The Animals and Children Took to the Streets
If I ever discover that there’s a handsome trust fund in my name, I’m going to do a lot of things. One of those activities would be to attend every Under the Radar Festival at The Public. But since I have to work all the time, I'm happy that a little piece of that awesomeness is playing down here at Studio Theatre—which thankfully has again brought to DC a wonderful company from abroad. Co-founded by Paul Barritt and Suzanne Andrade, London-based 1927 is currently kicking ass with The Animals and Children Took to the Streets. Go see it right now.
Animals is about a scummy, roach-infested, derelict tenement complex called the Bayou. It’s located on Red Herring Street, the armpit of a prosperous city with "milk and honey in every Frigidaire," and with the exception of a lone Caretaker (who has been saving for seven years to buy a one-way ticket out of town), the seedy and rowdy inhabitants of the Bayou remain forgotten. Life plods on until the surprisingly clean, kind and polite Agnes Eaves and her daughter Evie move into the Bayou. Shocked by the behavior of the child gangs around her, the idealistic Agnes becomes determined to change their hearts through nonviolence and macaroni art, despite their unrelenting actions. Meanwhile, the city’s powers-that-be are hatching an elaborate plan to stop the insanity once and for all.
The play’s rich world of characters and locations comes to life with only three actors and three simple projection screens. Vivid props and costumes add dimension, but it’s Paul Barritt's animations that create the world of the show—they never overwhelm, but blend with the actors nicely to create the play’s creepy, bleak and darkly comical tone. Andrade directed the piece and portrays a number of the characters, including my hands-down favorite, The Caretaker. Lillian Henley, composer of Animals’ beautiful silent-film score, also acts in the show and croons Jazz Age-style from her small apartment window. Esme Appleton designed the costumes and plays the two waif-like heroines in this tale: slum new-recruit Agnes Eaves, and Zelda, the scheming leader of Red Herring Street’s “Pirates” gang. (Lillian Henley? Esme Appleton? Could it be more delightful that these are their real names?)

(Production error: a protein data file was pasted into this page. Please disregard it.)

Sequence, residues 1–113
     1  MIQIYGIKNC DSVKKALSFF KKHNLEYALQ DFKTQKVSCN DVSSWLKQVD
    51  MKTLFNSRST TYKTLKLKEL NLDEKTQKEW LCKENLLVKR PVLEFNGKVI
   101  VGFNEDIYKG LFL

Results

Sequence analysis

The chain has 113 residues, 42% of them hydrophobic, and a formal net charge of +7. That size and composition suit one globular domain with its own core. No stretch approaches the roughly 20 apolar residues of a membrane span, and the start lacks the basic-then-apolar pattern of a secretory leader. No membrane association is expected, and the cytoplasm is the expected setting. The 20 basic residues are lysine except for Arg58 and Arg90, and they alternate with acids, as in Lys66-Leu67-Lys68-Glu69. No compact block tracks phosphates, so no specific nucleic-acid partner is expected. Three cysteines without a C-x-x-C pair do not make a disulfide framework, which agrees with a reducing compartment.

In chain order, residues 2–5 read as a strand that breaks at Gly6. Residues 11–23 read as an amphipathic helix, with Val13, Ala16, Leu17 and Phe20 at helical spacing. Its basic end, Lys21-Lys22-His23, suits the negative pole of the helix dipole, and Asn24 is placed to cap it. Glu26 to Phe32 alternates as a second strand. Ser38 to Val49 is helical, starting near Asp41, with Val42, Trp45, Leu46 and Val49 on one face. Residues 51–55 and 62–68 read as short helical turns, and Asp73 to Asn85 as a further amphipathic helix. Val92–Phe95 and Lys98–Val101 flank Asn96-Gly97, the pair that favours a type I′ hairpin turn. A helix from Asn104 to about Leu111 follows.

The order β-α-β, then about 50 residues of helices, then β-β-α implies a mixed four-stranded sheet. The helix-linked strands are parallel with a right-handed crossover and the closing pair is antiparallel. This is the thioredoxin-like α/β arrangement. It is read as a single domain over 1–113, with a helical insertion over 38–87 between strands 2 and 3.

I loved this show. The word SPECIFICITY wouldn’t leave my mind throughout—1927 has developed a unique performance style that is brilliantly crafted and flawlessly performed. Every step, twitch and word had a purpose. The aptly named troupe knows its strengths, understands its influences and uses them well. While there are very clear ghosts of Buster Keaton, Metropolis, Lillian Gish, etc present, along with more modern touches that reminded me of An American in Paris and the playfulness of Tim Burton, this is no pilfer. 1927 translates its silent-film sensibilities with expertise. They also manage to elevate a fairly pedestrian storyline into something fun and cleverly smug: it would be easy to go political with this piece—for both you right or left wingers—but fortunately the work never gets starry-eyed or preachy. And because I’m me, I’d like to point out that this is a show that throws the bullshit prejudice of woman-made theater (“surely it will be about womynz issues!") out the window. If you want to see real craftsmanship, see these ladies own the room.
Short URL: http://bit.ly/MhV8NZ